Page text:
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Data Risk Management

A Primer on the Freedom of Information Act (FOIA) and Obtaining Government ESI

May 14, 2015

Corporations struggling under mountains of electronic data and rapid fire e-discovery requests may find solace in the fact that they don't have it nearly as bad as many government agencies answering requests under the Freedom of Information Act (FOIA).

What is the Freedom of Information Act?

FOIA, according to the government's website, is a “law that keeps citizens in the know about their government" by granting people access to government records.

What is a FOIA request?

Enacted in 1966, FOIA is a federal law that establishes the public's right to obtain information from government agencies. "Any person" can file a FOIA request, including U.S. citizens, foreign nationals, organizations, associations and universities.

What does FOIA have to do with e-discovery?

On the one hand, e-discovery and FOIA requests are very similar in that they both involve obtaining electronic documents and using technology to review and produce the data. However, they are two very separate processes governed by entirely different sets of laws and rules. In fact, courts routinely admonish parties who use FOIA requests as a means to circumvent traditional e-discovery rules. That being said, parties are permitted to seek information via discovery and FOIA in some circumstances.

What are the differences between FOIA requests and traditional litigation e-discovery?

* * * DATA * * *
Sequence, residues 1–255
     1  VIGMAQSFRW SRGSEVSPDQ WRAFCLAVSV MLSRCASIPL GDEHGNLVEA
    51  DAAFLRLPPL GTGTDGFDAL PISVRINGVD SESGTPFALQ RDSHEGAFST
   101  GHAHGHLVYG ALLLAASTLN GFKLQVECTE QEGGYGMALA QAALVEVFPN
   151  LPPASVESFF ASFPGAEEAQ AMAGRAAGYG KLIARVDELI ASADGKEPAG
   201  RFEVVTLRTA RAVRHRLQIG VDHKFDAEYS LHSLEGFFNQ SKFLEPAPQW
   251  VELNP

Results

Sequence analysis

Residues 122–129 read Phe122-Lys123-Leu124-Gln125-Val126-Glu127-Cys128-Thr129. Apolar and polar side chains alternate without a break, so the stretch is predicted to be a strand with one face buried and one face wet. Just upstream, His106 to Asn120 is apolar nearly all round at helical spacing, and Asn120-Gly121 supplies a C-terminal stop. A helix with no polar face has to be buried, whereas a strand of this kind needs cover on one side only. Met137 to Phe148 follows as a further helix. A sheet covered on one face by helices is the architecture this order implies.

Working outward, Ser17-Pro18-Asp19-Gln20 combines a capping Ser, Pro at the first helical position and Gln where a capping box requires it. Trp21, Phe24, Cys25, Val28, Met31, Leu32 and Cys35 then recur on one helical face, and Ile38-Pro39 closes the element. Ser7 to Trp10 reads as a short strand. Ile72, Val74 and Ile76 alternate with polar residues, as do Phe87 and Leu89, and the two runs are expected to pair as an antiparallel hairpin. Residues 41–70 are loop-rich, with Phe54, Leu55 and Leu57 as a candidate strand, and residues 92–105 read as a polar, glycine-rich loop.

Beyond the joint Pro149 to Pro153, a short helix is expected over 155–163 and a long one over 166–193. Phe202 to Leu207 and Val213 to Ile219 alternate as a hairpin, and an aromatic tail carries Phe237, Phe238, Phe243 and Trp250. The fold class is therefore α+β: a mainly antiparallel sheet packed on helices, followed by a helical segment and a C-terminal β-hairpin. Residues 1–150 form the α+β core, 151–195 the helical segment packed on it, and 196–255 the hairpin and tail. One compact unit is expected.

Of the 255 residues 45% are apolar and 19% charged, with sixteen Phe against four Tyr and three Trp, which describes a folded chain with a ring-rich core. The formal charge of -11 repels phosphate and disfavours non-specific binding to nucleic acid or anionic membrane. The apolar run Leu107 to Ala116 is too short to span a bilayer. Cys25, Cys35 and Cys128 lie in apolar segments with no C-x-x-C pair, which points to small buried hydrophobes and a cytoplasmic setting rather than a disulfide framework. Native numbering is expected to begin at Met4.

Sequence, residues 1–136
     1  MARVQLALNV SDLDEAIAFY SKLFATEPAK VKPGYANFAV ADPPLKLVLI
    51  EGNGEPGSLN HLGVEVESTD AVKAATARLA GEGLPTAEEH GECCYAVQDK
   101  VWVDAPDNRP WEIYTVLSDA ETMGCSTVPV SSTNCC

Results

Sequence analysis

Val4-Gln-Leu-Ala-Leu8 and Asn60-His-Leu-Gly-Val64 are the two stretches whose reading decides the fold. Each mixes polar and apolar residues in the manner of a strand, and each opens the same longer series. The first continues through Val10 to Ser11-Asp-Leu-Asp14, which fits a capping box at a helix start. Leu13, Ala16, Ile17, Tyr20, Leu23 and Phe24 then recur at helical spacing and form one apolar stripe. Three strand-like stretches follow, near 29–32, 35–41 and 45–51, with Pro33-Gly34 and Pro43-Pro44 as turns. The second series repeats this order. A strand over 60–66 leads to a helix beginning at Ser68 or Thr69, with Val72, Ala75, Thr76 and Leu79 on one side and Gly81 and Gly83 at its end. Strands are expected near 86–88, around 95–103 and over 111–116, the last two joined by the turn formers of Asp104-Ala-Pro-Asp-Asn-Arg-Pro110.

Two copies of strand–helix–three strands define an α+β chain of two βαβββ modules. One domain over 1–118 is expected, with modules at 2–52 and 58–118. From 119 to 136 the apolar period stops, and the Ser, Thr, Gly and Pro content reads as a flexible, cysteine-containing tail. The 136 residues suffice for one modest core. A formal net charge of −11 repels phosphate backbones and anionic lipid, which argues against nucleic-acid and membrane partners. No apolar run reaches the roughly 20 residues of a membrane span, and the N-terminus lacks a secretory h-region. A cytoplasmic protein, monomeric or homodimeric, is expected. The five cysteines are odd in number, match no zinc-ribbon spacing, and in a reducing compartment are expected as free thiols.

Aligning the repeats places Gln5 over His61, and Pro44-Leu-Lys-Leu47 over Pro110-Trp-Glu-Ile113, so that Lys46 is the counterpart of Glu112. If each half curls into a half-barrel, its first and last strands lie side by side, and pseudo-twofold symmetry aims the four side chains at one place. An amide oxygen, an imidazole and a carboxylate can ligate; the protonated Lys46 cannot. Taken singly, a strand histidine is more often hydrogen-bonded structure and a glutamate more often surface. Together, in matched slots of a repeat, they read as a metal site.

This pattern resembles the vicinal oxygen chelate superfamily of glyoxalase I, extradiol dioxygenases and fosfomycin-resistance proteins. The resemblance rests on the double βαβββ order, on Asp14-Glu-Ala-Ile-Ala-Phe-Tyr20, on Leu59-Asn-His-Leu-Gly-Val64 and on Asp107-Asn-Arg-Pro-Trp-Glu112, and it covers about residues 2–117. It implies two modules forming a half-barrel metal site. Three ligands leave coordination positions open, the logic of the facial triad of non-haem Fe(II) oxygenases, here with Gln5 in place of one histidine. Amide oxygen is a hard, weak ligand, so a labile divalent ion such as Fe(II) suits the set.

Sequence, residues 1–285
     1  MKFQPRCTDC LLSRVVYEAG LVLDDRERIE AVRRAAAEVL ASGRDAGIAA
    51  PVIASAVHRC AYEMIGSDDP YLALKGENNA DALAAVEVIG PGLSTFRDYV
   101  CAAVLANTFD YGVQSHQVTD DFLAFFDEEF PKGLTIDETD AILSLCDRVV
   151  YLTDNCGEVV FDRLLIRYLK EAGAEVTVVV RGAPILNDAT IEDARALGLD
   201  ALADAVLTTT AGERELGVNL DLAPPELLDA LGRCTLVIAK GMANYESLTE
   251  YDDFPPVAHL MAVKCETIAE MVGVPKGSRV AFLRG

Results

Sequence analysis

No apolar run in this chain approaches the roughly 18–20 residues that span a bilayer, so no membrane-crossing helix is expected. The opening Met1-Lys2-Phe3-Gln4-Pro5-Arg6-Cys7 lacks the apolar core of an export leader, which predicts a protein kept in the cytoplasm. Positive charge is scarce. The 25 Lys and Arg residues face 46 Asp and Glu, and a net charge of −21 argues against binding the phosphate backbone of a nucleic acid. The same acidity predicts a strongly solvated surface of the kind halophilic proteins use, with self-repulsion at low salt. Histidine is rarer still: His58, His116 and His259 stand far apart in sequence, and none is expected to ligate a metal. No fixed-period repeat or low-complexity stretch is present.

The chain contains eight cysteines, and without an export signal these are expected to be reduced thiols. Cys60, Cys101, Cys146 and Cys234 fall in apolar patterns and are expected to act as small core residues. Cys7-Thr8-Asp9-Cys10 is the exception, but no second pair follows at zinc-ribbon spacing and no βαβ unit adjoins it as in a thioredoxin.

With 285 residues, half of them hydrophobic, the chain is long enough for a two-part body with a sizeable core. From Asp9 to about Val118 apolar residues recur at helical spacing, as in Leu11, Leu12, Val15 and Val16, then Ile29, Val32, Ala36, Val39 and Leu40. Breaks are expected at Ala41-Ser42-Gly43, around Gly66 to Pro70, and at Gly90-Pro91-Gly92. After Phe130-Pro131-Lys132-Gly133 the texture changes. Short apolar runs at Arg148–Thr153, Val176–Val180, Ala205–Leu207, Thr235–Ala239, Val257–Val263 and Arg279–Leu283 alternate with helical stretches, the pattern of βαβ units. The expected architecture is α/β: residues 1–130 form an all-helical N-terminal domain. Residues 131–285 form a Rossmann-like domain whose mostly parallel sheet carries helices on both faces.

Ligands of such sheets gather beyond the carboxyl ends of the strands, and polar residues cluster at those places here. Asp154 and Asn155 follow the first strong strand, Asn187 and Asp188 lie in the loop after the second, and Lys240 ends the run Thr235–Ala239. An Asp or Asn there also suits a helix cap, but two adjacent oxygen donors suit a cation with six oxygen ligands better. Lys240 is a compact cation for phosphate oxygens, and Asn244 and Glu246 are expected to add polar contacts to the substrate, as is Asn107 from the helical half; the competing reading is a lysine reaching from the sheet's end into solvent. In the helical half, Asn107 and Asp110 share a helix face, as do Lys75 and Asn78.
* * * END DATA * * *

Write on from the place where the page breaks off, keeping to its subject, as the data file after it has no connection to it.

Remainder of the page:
There are many differences but we'll focus on two key areas. The first involves access. In litigation, e-discovery access to ESI is limited to those individuals involved in the matter. With FOIA, just about anyone can make a request for records. A second difference has to with relevancy. In discovery, electronic data is only deemed to be discoverable if it has relevance to the litigation. Conversely, FOIA requests can be made by anyone and cover any topic without the need to justify their reasons for making this request.

Why are FOIA requests so challenging?

For starters, there are a lot of them. As described above, there are fairly loose restrictions around FOIA, so it's not very difficult for someone to submit a request (investigative journalists, for example, do it all the time). The numbers bear that out. Last year, more than 700,000 FOIA requests were issued in the United States. Nearly 160,000 of those have yet to be fulfilled (see more stats on the official FOIA website). The FOIA Project ran an experiment in which they submitted a basic FOIA request to 21 federal agencies to gauge response rates. More than two months after the requests were submitted, only seven agencies had adequately responded by providing records.

Clearly, governmental agencies are having a difficult time keeping pace. But they aren't doing themselves any favors either. Generally, federal agencies are woefully inefficient when it comes to managing their electronic records (something that has been noted by the Obama administration). Consequently, it can be very difficult for these agencies to find the specific documents that get requested. Making matters worse, federal agencies are awash in electronic data. Not only are they constantly producing and collecting data, but many agencies are obligated to retain just about everything in perpetuity, so there is a lot to sort through when a FOIA request comes rolling in.

How can technology help with FOIA Requests?

As noted above, the data recovery processes that underlie FOIA requests are inherently similar to those associated with e-discovery. It stands to reason that e-discovery technologies can be highly beneficial to government agencies dealing with the FOIA deluge. In particular, pre-collection analytics can be especially useful because they allow agencies to assess the breadth of a request immediately through keyword and other advanced searching, limiting the amount of data that actually has to be extracted from a given repository to fulfill the request.

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